Don’t snub donors with the Myth of Self-Sufficiency

Do you need your donors?

Then tell them so!

Donors don’t know they’re needed unless you specifically say so. And too many of them have no idea how important they care, because so many fundraisers believe in the Myth of Self-Sufficiency.

The Myth of Self-Sufficiency drives us to make all our messaging about how great we are and how well things are going.

It feels good to talk that way, but it inadvertently tells donors things are fine without them.

Unless you have a funding structure that makes donors unnecessary, tell them you need them. If you need them urgently, if you need them to keep the doors open for the next 30 days, if programs would be cut without them — don’t hide it. Be honest, open, and urgent.

It makes some people in nonprofits uncomfortable to admit their dependence on donors. They think it reflects poorly on their management. Or they might think donors would be repelled by the idea that their giving is critical to the cause.

But donors want to be wanted. Years of experience, including head-to-head message testing, tells me this: An appeal that says, We may have to cut programs unless people like you give outperforms an optimistic message that says Things are great, please join us. The difference is dramatic.

I’ve seen organizations who aren’t willing to admit they need donors caught in a poverty cycle where they never have the resources they need. Because donors believe they aren’t necessary.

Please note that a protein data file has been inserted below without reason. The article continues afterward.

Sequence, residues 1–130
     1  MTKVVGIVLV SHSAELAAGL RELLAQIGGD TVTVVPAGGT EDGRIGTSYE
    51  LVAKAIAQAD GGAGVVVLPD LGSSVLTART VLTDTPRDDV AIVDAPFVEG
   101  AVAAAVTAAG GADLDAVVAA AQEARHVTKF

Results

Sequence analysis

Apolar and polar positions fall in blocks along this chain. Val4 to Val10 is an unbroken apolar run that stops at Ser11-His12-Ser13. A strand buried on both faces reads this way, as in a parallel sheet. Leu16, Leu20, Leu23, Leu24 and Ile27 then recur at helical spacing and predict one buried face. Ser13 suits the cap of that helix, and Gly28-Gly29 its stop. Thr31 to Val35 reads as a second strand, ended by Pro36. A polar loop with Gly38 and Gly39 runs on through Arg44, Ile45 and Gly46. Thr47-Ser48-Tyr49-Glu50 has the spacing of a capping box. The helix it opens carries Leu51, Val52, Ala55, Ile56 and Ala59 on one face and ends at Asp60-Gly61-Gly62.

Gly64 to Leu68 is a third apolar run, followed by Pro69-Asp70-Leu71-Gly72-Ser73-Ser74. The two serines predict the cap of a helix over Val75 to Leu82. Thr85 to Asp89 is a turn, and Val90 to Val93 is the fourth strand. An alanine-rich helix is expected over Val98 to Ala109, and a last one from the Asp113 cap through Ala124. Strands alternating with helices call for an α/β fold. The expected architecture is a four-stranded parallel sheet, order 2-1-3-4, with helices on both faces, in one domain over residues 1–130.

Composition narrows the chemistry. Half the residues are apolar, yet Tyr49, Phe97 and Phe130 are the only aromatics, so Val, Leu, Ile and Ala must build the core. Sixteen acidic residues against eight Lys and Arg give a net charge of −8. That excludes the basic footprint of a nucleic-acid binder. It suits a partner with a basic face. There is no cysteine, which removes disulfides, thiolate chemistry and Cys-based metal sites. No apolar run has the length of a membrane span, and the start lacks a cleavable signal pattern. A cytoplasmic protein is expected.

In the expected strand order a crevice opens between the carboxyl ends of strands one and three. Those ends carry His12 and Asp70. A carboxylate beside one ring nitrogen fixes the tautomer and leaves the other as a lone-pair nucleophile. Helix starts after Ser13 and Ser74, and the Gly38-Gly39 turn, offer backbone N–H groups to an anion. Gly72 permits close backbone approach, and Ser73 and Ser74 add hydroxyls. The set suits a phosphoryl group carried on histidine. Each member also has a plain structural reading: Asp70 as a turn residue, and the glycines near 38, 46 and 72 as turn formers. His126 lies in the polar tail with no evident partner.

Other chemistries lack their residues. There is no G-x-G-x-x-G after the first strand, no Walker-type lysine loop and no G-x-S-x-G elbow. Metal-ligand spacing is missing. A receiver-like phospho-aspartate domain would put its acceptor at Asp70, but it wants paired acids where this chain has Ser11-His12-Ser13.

So put the Myth of Self-Sufficiency to rest. Go out with some powerful fundraising that tells your donors you really need them!


Comments

4 responses to “Don’t snub donors with the Myth of Self-Sufficiency”

  1. Debbie Clarke Avatar
    Debbie Clarke

    How does this sit with a more-anti-racist decolonising style of storytelling which a lot of charities are moving towards now, where donor is no longer the hero or central protagonist.

  2. Debbie Clarke Avatar
    Debbie Clarke

    How does this sit with a more-anti-racist decolonising style of storytelling which a lot of charities are moving towards now, where donor is no longer the hero or central protagonist.

  3. Debbie, I’m not sure. If the story you tell while asking donors to give excludes the donor, your fundraising is in trouble. But I don’t think it’s racist to tell people their giving makes a difference.

  4. Debbie, I’m not sure. If the story you tell while asking donors to give excludes the donor, your fundraising is in trouble. But I don’t think it’s racist to tell people their giving makes a difference.

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The future of fundraising is not about social media, online video, or SEM. It’s not about any technology, medium, or technique. It’s about donors. If you need to raise funds from donors, you need to study them, respect them, and build everything you do around them. And the future? It’s already here. More.

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Jeff BrooksJeff Brooks has been serving the nonprofit community for more than 35 years and blogging about it since 2005. He considers fundraising the most noble of pursuits and hopes you’ll join him in that opinion. You can reach him at jeff [at] jeff-brooks [dot] com. More.


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The future of fundraising is not about social media, online video, or SEM. It’s not about any technology, medium, or technique. It’s about donors. If you need to raise funds from donors, you need to study them, respect them, and build everything you do around them. And the future? It’s already here. More.

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Jeff Brooks has been serving the nonprofit community for more than 30 years and blogging about it since 2005. He considers fundraising the most noble of pursuits and hopes you’ll join him in that opinion. You can reach him at jeff [at] jeff-brooks [dot] com.

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